What’s Wrong With The Electoral College?

Sage Slessor, Staff Reporter

The electoral college is an undemocratic system, put in place hundreds of years ago to benefit the white minority in America.  Why do we still use it in our current elections?

Rather than elect our leaders with a popular vote, like countries such as France, America has put in place the electoral college.  The distortion of democracy and dilution of our votes.  A candidate needs a minimum of 270 electoral votes to win the presidency and each state provides a certain number of votes based on decisions and population numbers of the 18th century.  To be awarded electoral votes, you must win the popular vote in that state.  This is a “winner take all” process.  

The disconnect between the popular vote and the electoral college vote comes from the differences in the number of people represented per electoral vote among the states.  For example, Wyoming, with a population of 584,000 receives 3 electoral votes during the election.  In comparison to California, a population of 39 million but only 55 electoral votes. California’s population is 67x that of Wyoming, meaning each electoral vote from Wyoming carries 4x the weight of one electoral vote in California. (You vs the System)

The Wyoming/California comparison demonstrates how undemocratic the system can be- exemplifying how it shrinks the value of votes, how votes don’t all carry the same weight and how the value of your vote is determined by where you reside. In 2016, Donald Trump won the presidential election despite coming in second place and losing by a margin of 3 million votes to Hillary Clinton (Washington Post), he lost by 10% of the population. Nonetheless, he won the electoral college vote which is what gave him the presidency. Clearly, the EC disregards the popular vote, however, it is so important to understand that your vote still DOES matter, because each individual vote still affects the popular vote in your state. 

The distortion of our democracy comes from the way our elections are solely determined by a select few swing states; states that could be blue or red. The states that don’t swing, have less voter turnout and are less valued during campaigning under the logic that there is no changing the way they vote. With this information, it makes complete sense that the candidates don’t campaign anywhere but in the swing states.  The majority of money and time is spent in the states that could go either way.  This gives more value to those states compared to others, and awards them ALL the power to them during the election, putting the rest of the country on the sidelines during the indirect vote for president.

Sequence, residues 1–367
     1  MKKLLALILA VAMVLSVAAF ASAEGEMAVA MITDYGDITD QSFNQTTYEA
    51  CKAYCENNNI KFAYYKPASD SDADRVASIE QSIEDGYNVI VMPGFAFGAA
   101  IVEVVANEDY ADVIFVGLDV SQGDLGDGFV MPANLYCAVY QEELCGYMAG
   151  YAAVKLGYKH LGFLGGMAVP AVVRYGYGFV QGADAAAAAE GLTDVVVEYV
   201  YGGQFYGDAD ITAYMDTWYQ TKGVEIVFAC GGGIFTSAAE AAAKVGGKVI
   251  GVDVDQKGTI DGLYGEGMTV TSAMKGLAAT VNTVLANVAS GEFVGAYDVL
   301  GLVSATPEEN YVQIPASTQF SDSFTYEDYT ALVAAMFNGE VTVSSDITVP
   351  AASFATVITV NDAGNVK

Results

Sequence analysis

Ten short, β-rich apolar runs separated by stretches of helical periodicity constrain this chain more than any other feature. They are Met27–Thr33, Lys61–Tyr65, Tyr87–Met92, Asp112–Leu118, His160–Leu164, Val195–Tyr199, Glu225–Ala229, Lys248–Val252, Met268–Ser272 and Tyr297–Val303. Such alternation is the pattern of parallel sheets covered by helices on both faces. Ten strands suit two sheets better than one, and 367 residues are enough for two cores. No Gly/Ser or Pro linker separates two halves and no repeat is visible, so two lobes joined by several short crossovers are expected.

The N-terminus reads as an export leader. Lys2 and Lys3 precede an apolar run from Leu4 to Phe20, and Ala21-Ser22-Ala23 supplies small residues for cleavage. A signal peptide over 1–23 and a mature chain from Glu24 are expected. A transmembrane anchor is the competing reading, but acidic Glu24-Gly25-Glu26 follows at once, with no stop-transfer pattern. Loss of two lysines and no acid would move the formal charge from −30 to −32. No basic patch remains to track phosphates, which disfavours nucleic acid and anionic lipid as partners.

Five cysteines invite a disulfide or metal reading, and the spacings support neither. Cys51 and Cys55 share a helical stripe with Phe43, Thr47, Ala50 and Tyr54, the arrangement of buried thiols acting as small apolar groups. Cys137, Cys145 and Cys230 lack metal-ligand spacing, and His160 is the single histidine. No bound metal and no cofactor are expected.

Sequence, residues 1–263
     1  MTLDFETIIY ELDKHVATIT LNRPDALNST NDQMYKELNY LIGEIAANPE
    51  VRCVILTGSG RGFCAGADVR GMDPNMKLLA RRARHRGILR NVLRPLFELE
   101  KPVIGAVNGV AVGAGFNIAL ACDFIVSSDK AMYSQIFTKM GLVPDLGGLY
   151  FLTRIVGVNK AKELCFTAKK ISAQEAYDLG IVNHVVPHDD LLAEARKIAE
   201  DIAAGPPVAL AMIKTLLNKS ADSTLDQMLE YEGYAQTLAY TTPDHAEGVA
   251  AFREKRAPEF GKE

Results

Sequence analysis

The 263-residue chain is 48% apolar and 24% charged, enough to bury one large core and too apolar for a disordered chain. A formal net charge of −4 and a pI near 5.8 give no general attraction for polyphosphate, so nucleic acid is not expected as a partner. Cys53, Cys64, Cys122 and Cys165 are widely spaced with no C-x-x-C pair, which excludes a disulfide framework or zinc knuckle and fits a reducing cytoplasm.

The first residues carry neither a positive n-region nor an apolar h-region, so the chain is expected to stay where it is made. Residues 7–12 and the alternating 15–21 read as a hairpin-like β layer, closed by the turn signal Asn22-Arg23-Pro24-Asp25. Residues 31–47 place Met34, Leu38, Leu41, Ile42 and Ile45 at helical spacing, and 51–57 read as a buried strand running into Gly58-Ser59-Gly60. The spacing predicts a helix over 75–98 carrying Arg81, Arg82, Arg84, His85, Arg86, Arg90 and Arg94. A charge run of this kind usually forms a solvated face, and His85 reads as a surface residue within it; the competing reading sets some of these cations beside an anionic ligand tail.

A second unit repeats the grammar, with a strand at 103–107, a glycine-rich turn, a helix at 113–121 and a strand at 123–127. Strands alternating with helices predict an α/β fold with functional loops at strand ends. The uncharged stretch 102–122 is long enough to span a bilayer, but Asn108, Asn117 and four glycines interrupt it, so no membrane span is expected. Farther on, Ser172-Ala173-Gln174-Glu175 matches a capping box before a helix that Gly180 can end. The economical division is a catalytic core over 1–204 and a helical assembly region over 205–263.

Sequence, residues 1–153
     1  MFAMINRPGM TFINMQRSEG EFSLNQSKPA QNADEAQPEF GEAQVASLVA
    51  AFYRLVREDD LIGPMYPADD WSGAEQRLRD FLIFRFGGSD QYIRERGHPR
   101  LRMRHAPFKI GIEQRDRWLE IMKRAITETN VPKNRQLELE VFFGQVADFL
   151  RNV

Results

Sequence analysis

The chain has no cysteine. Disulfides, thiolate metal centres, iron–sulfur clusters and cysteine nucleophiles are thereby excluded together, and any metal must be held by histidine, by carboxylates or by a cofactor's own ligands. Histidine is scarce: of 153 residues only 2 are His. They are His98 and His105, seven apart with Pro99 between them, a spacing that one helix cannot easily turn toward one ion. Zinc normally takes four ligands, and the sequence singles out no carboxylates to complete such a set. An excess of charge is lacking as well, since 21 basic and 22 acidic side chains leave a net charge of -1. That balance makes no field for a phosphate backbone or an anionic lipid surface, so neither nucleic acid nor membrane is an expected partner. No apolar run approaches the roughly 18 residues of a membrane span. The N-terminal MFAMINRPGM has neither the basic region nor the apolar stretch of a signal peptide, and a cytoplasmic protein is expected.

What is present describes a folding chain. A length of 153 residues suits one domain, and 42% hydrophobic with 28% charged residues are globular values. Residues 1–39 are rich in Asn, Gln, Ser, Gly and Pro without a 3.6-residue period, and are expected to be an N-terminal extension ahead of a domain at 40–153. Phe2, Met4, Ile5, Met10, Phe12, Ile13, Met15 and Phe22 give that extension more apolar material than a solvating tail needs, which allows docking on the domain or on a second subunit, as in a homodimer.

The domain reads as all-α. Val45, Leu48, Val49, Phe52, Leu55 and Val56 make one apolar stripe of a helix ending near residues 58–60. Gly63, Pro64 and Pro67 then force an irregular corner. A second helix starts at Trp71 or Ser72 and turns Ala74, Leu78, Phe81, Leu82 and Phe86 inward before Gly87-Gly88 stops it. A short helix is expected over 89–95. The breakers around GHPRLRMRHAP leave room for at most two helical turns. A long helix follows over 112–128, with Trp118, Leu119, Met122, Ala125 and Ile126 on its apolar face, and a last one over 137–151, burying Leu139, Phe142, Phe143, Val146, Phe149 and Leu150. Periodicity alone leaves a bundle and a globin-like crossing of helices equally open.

200 years ago, the EC system was put in place by whites who enslaved Black Americans during the drafting and signing of the constitution as a last-minute compromise when deciding how to elect a leader.  The suggestion of a direct vote was shut down because they argued it was “too much democracy” in summary, not beneficial enough to the wealthy who enslaved people.  It helped white men keep their power, encouraged slavery and white supremacy, and incentivized increasing the number of enslaved people because they added to the population, awarding more EV in southern states despite lots of the population having no right to vote.  

To this day it still empowers southern white people, resulting in so many republican presidents who have lost the popular vote while winning the electoral vote.  Not only does the EC not uphold the values of equality, it plays a role in systematic racism.  Why is maybe the most influential system in our country rooted in slavery, and why have we not changed it alongside the times?  This leads to a whole other question of why do we hold the constitution to such high value when our country has come so far from the decision making of enslavers 200 years ago?  200 years and around 700 proposals to change but the constitution makes it almost impossible to do so, impossible to grow and give more power to our voters.

There are just not enough arguments to justify the EC, it is voter suppression at its finest and it sucks. And not unlike most topics, those whom it benefits-white southern voters-are the ones fighting to keep it.  How can we, as a country possibly progress when the way we elect our president is rooted in 18th-century logic and ideals of racism and slavery.